The most common type of injury that leads to an award of pain and suffering damages is a severe physical injury that causes physical or mental anguish for a period of time following an accident. For example, a head injury suffered in a car crash that results in a persistent headaches and emotional problems could potentially lead to the awarding of pain and suffering damages.
Unfortunately, patients can die as a result of these “adverse events.” If your loved one is one of the 98,000 patients who die annually as a result of medical malpractice, then you still have to take steps. First, you should contact the local medical examiner to set up a forensic autopsy. Sometimes, they will do this on their own as there are specific local laws that may require such an autopsy. If they do not, however, you may have to pay for the autopsy yourself with an independent pathologist. Regardless, it is a good idea to have such a procedure performed along with accompanying toxicology tests to determine the cause of death and uncover any evidence of possible wrongdoing or malpractice.

However, our legal system is set up in such a way where monetary damages is not only a way to compensate persons for lost wages, medical bills, and pain and suffering; it is also there as a way to hold doctors accountable for their actions. Without the threat of monetary sanctions and lawsuits, doctors would lose some motivation for conducting their professional lives in a careful and cautious manner. Furthermore, if you doctor did negligently injure you or a loved one, bringing suit against him may serve as a wakeup call and could possibly prevent him from injuring someone else in the future.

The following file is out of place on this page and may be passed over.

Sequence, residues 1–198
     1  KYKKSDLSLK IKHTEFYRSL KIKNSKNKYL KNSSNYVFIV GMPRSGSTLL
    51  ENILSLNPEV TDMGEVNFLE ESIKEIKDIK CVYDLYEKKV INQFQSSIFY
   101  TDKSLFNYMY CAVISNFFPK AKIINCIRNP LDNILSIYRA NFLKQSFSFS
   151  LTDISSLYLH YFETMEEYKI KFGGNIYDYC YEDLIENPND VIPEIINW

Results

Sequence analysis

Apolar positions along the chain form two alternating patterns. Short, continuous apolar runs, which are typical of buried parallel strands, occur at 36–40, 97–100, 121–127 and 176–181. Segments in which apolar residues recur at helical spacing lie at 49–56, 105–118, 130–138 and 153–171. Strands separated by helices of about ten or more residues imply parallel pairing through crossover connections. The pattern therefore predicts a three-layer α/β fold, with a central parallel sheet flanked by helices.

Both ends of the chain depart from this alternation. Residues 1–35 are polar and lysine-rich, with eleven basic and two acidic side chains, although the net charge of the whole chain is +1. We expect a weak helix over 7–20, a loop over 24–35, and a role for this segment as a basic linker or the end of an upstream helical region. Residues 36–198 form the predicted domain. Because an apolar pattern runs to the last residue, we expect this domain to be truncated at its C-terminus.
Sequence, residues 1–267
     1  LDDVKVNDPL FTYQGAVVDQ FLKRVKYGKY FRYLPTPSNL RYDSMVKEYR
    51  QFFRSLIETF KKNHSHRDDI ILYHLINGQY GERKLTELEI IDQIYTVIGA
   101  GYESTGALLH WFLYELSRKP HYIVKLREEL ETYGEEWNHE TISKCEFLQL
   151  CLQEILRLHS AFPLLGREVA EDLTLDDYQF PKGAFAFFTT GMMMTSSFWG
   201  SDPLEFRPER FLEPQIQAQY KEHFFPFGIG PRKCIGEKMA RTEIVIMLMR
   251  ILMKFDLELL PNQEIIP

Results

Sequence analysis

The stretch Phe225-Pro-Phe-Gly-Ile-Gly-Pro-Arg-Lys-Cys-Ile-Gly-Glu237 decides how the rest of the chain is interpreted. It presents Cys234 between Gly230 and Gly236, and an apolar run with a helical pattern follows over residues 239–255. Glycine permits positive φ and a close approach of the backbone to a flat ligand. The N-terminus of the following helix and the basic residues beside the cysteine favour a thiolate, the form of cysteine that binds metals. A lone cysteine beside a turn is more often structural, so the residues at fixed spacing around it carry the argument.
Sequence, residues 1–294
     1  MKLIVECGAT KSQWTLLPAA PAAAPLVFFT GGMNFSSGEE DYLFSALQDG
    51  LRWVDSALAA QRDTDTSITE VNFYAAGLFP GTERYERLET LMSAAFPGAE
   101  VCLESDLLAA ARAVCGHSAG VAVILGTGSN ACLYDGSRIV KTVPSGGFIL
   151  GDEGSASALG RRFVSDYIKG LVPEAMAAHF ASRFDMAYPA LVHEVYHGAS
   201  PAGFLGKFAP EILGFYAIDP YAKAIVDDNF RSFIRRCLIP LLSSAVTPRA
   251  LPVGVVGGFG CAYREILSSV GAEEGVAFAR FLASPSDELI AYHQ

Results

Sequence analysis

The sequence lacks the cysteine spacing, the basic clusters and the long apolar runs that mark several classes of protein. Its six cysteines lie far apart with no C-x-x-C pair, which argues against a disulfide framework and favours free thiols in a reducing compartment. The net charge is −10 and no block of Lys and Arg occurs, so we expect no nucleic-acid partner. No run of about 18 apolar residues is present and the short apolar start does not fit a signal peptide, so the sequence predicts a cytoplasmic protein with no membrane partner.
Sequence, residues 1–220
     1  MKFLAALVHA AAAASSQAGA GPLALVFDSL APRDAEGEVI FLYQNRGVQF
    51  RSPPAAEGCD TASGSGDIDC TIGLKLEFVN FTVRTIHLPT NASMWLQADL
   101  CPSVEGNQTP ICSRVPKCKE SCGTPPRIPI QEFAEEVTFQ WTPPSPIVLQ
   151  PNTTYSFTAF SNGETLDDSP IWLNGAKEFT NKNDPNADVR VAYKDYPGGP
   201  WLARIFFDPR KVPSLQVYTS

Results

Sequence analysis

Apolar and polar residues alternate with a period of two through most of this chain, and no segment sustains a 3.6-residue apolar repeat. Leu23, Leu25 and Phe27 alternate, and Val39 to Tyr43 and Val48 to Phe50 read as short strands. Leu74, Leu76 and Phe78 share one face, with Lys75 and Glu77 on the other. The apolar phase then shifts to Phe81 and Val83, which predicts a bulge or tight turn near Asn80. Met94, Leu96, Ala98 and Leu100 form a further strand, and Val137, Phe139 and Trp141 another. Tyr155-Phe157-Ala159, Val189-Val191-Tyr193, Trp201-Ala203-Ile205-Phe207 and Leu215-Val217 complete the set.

In most cases, only the primary physician (your doctor) can be sued for misdiagnosis. In rare cases, other health care professionals may also be liable if their negligence caused or contributed to the patient’s harm -- including nurses, lab techs, and any specialists who may have seen the patient. The hospital or health care facility where the doctor practices usually cannot be sued for harm caused by misdiagnosis. That’s because most doctors are independent contractors, not employees of the hospital, so the facility can’t be held legally responsible for the doctor’s negligence.